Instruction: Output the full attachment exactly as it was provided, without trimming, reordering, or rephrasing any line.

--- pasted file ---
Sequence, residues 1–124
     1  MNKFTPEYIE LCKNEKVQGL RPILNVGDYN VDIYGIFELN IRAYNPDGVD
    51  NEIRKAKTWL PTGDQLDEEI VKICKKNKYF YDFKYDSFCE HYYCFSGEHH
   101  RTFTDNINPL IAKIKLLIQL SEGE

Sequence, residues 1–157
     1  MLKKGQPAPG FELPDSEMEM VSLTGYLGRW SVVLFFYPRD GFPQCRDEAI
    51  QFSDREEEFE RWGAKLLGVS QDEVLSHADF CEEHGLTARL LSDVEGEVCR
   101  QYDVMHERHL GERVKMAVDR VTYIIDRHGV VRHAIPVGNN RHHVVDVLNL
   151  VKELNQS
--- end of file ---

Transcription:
Sequence, residues 1–124
     1  MNKFTPEYIE LCKNEKVQGL RPILNVGDYN VDIYGIFELN IRAYNPDGVD
    51  NEIRKAKTWL PTGDQLDEEI VKICKKNKYF YDFKYDSFCE HYYCFSGEHH
   101  RTFTDNINPL IAKIKLLIQL SEGE

Sequence, residues 1–157
     1  MLKKGQPAPG FELPDSEMEM VSLTGYLGRW SVVLFFYPRD GFPQCRDEAI
    51  QFSDREEEFE RWGAKLLGVS QDEVLSHADF CEEHGLTARL LSDVEGEVCR
   101  QYDVMHERHL GERVKMAVDR VTYIIDRHGV VRHAIPVGNN RHHVVDVLNL
   151  VKELNQS